A Top-Notch Internet Growth Play
Dan is a member of The Motley Fool Blog Network -- entries represent the personal opinion of the blogger and are not formally edited.
Many investors have heard the name Akamai (NASDAQ: AKAM), but not all investors understand what the company does. Essentially, Akamai makes the Internet faster and more secure, and delivers approximately 20% of web content around the world. But while the company's future prospects look good, strong headwinds could still hinder Akamai’s stock performance.
Akamai has a lot going for it at the moment. Demand for security and content delivery speed are high.
Security: Hackers have increased their attacks on a variety of institutions including major U.S. banks and government websites.
Content Delivery Speed: Growing popularity of smartphones and tablets.
Akamai is currently trading at 19 times forward earnings. This might seem slightly high, but Akamai has the potential to grow into this expectation. It should also be noted that peers are a lot more expensive. For example, Rackspace (NYSE: RAX) is trading at 41 times forward earnings, and Level 3 Communications (NYSE: LVLT) is trading at 36 times forward earnings.
Akamai sports a more appealing profit margin than peers at 16.33%. Akamai's effective cost management has played a major role here. Rackspace has a profit margin of 7.99% (not bad), and Level 3 Communications has a profit margin of -5.69% (not good).
Debt management also plays a role in these comparisons. Below are the debt-to-equity ratios for each company:
- Akamai: 0.00 (ideal)
- Rackspace: 0.12 (impressive)
- Level 3 Communications: 7.75 (frighteningly high)
Akamai has $513.01 million in cash and short-term equivalents, and it has no debt. This will make the company more resilient than most peers during difficult times. A strong cash position allows for many strategic options. If the stock falters, Akamai has enough cash to increase the capital it distributes to shareholders. This has the potential to buoy the stock price.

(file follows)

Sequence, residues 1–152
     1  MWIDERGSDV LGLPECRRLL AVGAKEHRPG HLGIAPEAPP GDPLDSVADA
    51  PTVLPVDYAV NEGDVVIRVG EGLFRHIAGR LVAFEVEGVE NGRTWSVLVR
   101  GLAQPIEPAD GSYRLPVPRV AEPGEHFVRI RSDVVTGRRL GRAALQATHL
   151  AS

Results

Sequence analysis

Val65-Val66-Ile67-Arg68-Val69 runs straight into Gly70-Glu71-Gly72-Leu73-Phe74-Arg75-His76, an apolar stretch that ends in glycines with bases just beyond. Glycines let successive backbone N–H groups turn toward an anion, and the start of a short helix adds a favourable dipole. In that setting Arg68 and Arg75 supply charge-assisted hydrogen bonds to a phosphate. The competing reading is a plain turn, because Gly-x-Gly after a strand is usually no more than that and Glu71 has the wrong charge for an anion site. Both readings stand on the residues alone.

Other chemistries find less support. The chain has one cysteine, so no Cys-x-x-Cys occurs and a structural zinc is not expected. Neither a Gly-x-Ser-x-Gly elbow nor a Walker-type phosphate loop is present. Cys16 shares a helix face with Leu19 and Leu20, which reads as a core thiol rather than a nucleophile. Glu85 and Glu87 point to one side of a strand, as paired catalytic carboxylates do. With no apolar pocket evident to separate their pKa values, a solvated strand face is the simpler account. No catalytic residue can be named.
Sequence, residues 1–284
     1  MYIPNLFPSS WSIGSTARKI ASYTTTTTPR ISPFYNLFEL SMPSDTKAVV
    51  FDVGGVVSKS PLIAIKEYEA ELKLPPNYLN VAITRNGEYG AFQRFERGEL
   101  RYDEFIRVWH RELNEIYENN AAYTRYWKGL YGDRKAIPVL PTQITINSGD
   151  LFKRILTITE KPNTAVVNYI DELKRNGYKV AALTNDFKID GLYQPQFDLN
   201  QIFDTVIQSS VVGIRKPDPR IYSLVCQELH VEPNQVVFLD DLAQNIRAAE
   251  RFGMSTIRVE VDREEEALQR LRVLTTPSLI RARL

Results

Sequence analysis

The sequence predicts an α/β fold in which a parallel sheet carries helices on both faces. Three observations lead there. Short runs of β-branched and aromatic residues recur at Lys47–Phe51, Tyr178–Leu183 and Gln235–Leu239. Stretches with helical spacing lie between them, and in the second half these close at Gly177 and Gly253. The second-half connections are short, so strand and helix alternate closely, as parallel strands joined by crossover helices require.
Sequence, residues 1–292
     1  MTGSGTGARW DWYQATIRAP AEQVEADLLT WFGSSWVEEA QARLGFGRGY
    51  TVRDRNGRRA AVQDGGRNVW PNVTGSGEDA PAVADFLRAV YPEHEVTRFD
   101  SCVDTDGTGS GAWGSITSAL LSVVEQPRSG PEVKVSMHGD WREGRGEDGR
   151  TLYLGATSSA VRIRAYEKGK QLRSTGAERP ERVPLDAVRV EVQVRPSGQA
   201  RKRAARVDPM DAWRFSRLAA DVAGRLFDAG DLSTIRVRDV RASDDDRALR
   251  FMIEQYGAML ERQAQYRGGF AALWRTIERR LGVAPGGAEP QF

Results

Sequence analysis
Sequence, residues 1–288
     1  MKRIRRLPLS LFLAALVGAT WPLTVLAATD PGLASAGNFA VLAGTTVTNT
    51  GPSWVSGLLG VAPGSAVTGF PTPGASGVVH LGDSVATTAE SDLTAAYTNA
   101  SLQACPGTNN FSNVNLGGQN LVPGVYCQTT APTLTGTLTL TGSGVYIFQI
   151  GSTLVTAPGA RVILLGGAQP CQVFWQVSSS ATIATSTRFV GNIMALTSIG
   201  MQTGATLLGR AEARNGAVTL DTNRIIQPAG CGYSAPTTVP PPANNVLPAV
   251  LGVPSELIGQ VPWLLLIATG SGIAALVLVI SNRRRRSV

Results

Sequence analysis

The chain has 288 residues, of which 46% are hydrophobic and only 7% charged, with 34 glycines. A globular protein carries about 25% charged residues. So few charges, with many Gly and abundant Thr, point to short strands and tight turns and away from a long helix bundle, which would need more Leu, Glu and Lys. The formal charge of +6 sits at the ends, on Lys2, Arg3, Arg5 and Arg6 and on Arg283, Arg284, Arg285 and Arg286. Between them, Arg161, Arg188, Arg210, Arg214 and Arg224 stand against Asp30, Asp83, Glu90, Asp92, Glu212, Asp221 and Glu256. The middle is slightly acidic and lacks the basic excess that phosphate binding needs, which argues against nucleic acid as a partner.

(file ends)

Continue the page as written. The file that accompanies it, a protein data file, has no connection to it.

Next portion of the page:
Other important numbers include a first-quarter year over year increase of 15.20% in revenue, and an increase of 65.40% in earnings. An increase in Internet traffic played a big role in these numbers.
Have you happened to notice fewer people at the mall? That's because they're shopping online. If they're not shopping online, then they might be communicating on a social media site. If not, then perhaps they're downloading software, playing an online game, or watching an online video. Any of these scenarios is good for Akamai. And if someone is using a mobile device, it's still likely to benefit Akamai.
Akamai offered strong guidance, and management seems to be genuinely confident in long-term future prospects. Akamai also has a strong history of consistently improving revenue and earnings on an annual basis. The only potential negative here is increased investments, which could slightly impact the bottom line in the near future.
Akamai’s long-term potential
Do you plan on shopping online at some point? Will you surf the Internet today, tomorrow, or next week? Will you listen to online music in the future? Will you watch streaming videos online? If you answered yes to any of these questions, then chances are good that Akamai has already played a role in your life for a significant amount of time.
Akamai’s slightly high valuation makes it a risky play due to uncertain macroeconomic conditions. Despite the company's importance, its stock hasn’t held up well in difficult stock market environments. Experienced investors and traders tend to ride the technology wave when times are good, but they abandon ship when the market heads south.
Over the long haul, if Akamai fails, then either it’s the end of the Internet or the end of the world. If neither of those scenarios seem likely to you, then Akamai should be a good long-term play. However, due to an uncertain macroeconomic environment, you should strongly consider entering this position slowly.
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Dan Moskowitz has no position in any stocks mentioned. The Motley Fool recommends Rackspace Hosting. Try any of our Foolish newsletter services free for 30 days. We Fools may not all hold the same opinions, but we all believe that considering a diverse range of insights makes us better investors. The Motley Fool has a disclosure policy. Is this post wrong? Click here. Think you can do better? Join us and write your own!